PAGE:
The voice, stern yet gentle, murmured in my ear.
I opened my bleary eyes and found myself wrapped in warm comforters. I looked up to see Tarquin, who was on his knees beside my pallet, his hand on my arm. Concern shone through his intense dark eyes. When he saw I was awake, he removed his hand. Strangely, I missed the warmth of his fingers.
I quivered inside, my body feeling like a block of ice despite the pile of blankets on top of me and the fire that flickered steadily nearby. “W-where are we?”
A woman appeared, with wrinkled skin and beautiful white hair cut short at her shoulders. She smiled at me. “I am Tiana, and this is my home. Welcome.”
She had seen everything. The truth poured into me, and I was amazed. These old folks had lived full lives, in all four lands.
I gazed at my surroundings. Everything was white, just like it had been minutes before I’d fallen asleep in the glade with Hollis in my arms. We were enclosed by sheer whiteness, as pure and flawless as the Summer clouds.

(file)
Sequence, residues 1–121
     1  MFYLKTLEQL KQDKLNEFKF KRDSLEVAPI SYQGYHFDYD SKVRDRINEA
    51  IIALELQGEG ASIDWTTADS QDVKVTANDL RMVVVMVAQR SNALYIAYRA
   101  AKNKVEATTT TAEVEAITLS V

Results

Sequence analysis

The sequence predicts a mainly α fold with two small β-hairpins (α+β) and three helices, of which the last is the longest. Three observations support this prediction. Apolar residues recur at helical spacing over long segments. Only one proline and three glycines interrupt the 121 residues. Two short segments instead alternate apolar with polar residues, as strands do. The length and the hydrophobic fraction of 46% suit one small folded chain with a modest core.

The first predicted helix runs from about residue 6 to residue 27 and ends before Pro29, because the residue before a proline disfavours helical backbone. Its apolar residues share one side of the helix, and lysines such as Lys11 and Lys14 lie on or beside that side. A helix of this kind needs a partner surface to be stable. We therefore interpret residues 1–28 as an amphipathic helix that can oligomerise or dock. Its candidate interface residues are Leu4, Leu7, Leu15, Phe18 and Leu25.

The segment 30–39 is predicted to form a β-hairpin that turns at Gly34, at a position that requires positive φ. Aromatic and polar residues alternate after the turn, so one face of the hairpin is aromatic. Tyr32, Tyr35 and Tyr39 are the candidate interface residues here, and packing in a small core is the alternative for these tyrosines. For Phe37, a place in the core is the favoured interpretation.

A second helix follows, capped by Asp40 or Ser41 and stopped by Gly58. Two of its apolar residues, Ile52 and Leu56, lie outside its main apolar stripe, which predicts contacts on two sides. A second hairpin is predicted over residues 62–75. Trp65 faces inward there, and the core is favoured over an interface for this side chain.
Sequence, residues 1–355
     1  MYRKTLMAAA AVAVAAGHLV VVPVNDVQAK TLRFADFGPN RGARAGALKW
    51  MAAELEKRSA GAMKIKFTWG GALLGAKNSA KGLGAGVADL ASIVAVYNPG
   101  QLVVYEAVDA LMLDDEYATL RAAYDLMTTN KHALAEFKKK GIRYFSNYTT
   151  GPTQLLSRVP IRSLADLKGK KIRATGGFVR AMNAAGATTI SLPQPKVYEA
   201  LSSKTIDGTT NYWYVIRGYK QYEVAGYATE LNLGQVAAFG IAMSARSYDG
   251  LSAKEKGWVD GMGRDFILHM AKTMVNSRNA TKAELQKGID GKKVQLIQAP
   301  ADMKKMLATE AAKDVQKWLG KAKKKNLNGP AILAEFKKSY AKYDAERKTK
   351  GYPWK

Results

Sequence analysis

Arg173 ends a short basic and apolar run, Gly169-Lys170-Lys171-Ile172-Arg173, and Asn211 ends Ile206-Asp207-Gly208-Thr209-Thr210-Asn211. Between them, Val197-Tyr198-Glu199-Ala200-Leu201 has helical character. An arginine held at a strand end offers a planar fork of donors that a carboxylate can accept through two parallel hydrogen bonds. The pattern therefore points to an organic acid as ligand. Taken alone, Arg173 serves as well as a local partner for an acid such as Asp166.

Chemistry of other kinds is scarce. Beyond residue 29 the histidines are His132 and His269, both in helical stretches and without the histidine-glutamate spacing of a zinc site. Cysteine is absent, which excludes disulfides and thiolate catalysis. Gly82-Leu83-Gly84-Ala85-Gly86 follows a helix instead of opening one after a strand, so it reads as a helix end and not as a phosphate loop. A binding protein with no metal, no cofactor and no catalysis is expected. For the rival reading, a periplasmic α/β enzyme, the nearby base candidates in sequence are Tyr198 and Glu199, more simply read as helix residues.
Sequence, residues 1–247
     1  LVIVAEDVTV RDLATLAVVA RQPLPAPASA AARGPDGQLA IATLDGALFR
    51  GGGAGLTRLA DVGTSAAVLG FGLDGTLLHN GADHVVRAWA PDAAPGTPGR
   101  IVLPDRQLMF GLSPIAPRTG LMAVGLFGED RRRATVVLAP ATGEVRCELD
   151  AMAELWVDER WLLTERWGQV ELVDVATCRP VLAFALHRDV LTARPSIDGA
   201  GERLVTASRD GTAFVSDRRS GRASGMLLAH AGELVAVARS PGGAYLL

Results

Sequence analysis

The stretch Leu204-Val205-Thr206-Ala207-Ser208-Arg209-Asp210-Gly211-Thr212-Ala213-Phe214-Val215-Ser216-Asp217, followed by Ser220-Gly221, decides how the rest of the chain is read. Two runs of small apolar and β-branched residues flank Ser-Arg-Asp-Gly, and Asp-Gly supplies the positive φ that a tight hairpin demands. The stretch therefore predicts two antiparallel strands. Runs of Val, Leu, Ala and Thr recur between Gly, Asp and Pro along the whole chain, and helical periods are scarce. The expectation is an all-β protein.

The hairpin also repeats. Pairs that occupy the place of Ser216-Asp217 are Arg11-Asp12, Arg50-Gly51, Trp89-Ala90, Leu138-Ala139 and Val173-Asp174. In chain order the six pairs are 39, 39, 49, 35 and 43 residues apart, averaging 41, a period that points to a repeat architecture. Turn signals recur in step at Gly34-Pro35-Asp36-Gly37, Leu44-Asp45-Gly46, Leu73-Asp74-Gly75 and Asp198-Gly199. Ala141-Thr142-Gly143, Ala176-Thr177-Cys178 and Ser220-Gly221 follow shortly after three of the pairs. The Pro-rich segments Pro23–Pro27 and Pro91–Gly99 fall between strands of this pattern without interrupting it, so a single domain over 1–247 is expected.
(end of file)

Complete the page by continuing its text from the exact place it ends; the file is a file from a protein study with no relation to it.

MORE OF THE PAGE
“Thank you, Tiana. But I… I don’t see a home.”
Amused, the old woman tapped the whiteness, and I realized it was a solid. I looked up and around me, as I realized the walls and ceiling were made of ice. An ice home. I had never imagined such a thing.
“Dahlia, I have to go,” Tarquin said hoarsely. “I just wanted to make sure you were okay before I left.”
He turned away, but I grabbed his hand to stop him. “Where are you going?”
“Dahlia, you can’t come with me, you’re too sick…” He looked away, but didn’t let go of my hand. “We need…” He shook his head, as if I wouldn’t be able to bear the news.
“What do we need, Tarquin?” I asked, exasperated at his silence.
“We need Gesu’s blood,” he said slowly. “His body is on Medfuna island. I have to go there.”
I sat up in bed, ignoring the sharp pain in my back. “I have to come with you.”
He sank to his knees and massaged my fingers, looking gently in my eyes. “Dahlia, the plague has affected you.”
“But not yourself?” I observed his spotless skin in amazement. How had he avoided the sickness?